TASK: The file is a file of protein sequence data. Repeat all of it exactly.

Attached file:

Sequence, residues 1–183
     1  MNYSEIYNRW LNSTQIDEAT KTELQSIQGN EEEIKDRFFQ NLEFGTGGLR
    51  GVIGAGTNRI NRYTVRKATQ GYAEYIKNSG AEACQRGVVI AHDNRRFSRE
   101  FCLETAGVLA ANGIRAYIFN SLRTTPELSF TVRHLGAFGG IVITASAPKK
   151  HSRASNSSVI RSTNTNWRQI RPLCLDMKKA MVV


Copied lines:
Sequence, residues 1–183
     1  MNYSEIYNRW LNSTQIDEAT KTELQSIQGN EEEIKDRFFQ NLEFGTGGLR
    51  GVIGAGTNRI NRYTVRKATQ GYAEYIKNSG AEACQRGVVI AHDNRRFSRE
   101  FCLETAGVLA ANGIRAYIFN SLRTTPELSF TVRHLGAFGG IVITASAPKK
   151  HSRASNSSVI RSTNTNWRQI RPLCLDMKKA MVV